Colin Pratt, born Colin George Pratt on the 10th October 1938 in Hoddesdon, Hertfordshire, father of speedway rider Troy Pratt and President of the World Speedway Riders’ Association (2012)
His career began when he bought a speedway machine from Mike Broadbank at the age of 19 years and then, like so many others, learned his trade at the Rye House track, his apprenticeship was curtailed by National Service and it was 1960 before he was able to return to the track and take his first steps as a fully fledged speedway rider.
Signed in 1960 by the Southampton Saints for whom he took his first professional ride in the National League, sadly a broken wrist acquired whilst riding at Swindon curtailed his first riding season. It may have been as a result of the broken wrist but in 1961 Southampton could only offer him second half rides in his second season with them and he found himself out on loan to Poole Pirates, Ipswich Witches and Stoke Potters no doubt frustrating at the time but it produced a return of confidence, points and a team place with the Potters.
Remaining with Stoke Potters for 1962 and 1963 his performance improving all the time resulting in his winning the Gerry Hussy Memorial Trophy at Rye House an achievement in itself, even more of a statement of his improving ability when you realise it was won by winning all of the heats he rode that night and breaking the track record into the bargain. Moving then to Swindon Robins for a short while in 1963 before swapping again this time for Hackney Hawks in 1964, staying a Hackney Hawk for six years until 1969 honing his skills and qualifying for the World Speedway Championship Finals in 1967 and the British Finals in 1966, 1967 & 1969 and won the London Riders Championship in 1967 and 1968.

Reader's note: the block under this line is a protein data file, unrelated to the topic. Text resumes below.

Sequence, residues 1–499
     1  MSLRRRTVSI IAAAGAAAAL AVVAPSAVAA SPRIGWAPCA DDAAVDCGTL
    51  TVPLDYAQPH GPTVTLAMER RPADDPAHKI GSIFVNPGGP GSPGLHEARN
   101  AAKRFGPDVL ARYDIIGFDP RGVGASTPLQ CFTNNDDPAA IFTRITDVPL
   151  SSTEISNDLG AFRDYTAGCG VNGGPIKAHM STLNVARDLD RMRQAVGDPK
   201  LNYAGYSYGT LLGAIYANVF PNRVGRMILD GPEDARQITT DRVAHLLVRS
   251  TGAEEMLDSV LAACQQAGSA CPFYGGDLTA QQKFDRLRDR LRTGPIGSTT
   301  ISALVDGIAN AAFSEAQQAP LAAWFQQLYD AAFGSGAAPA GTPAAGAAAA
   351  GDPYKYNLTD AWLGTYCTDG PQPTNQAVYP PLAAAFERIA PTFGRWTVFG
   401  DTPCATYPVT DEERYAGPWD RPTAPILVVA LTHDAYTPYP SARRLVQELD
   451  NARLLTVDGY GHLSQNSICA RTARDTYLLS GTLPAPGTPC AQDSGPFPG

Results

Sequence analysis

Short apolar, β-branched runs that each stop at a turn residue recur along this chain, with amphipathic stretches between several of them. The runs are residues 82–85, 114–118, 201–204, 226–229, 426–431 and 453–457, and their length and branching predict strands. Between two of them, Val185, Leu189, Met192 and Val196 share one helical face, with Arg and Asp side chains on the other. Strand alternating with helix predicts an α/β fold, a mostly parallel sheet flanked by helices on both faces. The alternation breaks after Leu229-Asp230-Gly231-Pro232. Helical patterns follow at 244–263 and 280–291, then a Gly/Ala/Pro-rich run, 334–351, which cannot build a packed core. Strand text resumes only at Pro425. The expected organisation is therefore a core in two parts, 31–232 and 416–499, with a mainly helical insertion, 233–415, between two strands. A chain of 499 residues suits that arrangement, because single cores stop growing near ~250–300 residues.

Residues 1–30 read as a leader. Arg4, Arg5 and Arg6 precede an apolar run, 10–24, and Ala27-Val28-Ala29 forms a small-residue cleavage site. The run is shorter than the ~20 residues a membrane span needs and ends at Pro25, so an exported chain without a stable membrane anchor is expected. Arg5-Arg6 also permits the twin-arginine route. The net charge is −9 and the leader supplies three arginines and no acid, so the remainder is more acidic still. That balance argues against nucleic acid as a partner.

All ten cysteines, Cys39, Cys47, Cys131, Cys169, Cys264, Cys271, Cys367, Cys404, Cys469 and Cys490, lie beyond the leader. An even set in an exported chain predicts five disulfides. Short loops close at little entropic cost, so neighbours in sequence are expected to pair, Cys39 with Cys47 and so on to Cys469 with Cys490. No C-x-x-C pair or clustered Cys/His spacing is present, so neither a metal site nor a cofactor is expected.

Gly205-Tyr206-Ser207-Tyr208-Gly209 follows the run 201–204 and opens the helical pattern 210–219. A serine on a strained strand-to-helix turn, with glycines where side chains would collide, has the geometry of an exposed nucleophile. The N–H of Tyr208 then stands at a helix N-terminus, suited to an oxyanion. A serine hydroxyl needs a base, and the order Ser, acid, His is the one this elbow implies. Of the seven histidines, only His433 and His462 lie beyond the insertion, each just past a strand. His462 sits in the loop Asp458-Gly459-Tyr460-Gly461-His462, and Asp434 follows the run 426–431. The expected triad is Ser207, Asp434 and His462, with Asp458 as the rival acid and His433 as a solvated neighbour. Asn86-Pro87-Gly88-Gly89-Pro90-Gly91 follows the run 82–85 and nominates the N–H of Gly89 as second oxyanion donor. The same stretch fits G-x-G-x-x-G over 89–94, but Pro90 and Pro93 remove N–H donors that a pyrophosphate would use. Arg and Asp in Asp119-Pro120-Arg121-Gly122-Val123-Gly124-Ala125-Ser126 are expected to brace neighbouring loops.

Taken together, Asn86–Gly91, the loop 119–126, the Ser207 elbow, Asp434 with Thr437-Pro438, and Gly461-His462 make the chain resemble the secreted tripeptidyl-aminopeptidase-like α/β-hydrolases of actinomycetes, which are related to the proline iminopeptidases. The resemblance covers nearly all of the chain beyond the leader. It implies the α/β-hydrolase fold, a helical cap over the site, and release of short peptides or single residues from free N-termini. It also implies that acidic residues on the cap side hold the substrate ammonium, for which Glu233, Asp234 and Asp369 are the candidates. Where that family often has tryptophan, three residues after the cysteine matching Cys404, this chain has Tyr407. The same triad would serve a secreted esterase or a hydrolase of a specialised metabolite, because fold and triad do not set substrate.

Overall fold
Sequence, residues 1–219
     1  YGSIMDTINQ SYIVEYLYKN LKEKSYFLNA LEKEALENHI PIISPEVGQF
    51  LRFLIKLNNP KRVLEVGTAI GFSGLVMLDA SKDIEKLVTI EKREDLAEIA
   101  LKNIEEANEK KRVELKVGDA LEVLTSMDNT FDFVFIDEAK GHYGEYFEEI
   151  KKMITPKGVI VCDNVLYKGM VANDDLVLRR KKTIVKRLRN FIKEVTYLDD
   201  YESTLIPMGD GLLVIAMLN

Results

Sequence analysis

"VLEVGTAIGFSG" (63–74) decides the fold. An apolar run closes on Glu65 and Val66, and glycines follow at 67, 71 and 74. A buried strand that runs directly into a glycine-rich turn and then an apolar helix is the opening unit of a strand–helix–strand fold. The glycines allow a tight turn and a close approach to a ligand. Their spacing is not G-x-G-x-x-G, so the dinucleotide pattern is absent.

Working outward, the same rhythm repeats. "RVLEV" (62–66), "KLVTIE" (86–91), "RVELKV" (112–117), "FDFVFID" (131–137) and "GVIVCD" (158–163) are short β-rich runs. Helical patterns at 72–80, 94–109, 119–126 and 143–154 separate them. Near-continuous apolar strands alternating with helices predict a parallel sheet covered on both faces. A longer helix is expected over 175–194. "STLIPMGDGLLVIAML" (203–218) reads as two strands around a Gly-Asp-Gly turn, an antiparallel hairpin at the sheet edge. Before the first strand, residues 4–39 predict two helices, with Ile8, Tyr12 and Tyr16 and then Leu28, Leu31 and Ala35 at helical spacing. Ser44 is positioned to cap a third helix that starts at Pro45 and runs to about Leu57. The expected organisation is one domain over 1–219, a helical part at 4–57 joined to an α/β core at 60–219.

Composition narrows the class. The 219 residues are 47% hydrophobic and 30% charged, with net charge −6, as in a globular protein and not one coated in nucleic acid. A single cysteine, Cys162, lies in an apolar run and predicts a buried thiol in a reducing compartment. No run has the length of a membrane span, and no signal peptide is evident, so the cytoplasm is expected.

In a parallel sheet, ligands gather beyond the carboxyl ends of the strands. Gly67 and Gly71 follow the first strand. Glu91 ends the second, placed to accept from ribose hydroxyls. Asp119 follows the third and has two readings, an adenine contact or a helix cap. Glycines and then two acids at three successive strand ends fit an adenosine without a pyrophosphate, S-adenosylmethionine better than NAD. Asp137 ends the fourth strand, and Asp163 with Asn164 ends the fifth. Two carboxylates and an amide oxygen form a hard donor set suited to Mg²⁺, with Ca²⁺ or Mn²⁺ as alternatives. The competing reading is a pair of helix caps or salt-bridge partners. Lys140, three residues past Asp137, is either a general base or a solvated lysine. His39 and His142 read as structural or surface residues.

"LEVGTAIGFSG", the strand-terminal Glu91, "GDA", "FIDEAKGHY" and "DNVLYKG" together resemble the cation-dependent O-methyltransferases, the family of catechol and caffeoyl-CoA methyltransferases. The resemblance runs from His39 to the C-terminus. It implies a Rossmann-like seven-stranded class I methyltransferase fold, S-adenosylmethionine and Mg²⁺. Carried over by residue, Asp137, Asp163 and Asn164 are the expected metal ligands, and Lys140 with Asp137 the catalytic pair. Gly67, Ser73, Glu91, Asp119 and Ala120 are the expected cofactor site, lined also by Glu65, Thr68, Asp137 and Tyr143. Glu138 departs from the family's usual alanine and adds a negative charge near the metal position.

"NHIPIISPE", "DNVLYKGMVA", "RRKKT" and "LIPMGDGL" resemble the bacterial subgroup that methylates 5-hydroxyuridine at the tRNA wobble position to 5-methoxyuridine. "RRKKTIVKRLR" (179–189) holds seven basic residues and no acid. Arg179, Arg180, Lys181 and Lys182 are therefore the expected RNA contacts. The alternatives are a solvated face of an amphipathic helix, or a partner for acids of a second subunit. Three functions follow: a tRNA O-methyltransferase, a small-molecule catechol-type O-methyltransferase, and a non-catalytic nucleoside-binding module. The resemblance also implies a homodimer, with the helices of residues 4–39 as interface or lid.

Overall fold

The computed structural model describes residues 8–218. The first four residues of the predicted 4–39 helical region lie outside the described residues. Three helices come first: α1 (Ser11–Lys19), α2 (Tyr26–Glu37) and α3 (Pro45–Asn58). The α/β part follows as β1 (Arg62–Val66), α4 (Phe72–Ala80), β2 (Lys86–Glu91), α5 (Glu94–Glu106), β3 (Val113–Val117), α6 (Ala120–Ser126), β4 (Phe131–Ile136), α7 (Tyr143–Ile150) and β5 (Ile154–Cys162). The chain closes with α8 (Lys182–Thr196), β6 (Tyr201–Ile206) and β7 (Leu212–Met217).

1970 saw him move to Cradley Heath Heathens however having only ridden 20 matches for them he went to Amsterdam as a guest rider for West Ham Hammers and was involved in the Lokeren tragedy, (a vehicle carrying riders and officials back to the UK was involved in an accident in which five of the passengers in the vehicle were killed), Colin sustained a broken neck and, I’m sure, some awful memories of the loss of his companions, he was advised that even with the neck healed the risk of riding again was too great and he should retire, so retire he did but only from riding.
Back to Rye House in 1979 for his first non-
So Colin was on the move again briefly at Bradford Dukes for 1998 as team manager before going to Coventry Bees as promoter, co-
During his riding career he was selected to ride 14 times for England and 7 for Great Britain so I guess he is not short of caps. Both as rider and administrator he is a respected servant of the sport and we hope he will continue for as long and he would wish to offer his knowledge and experience to the sport he so obviously loves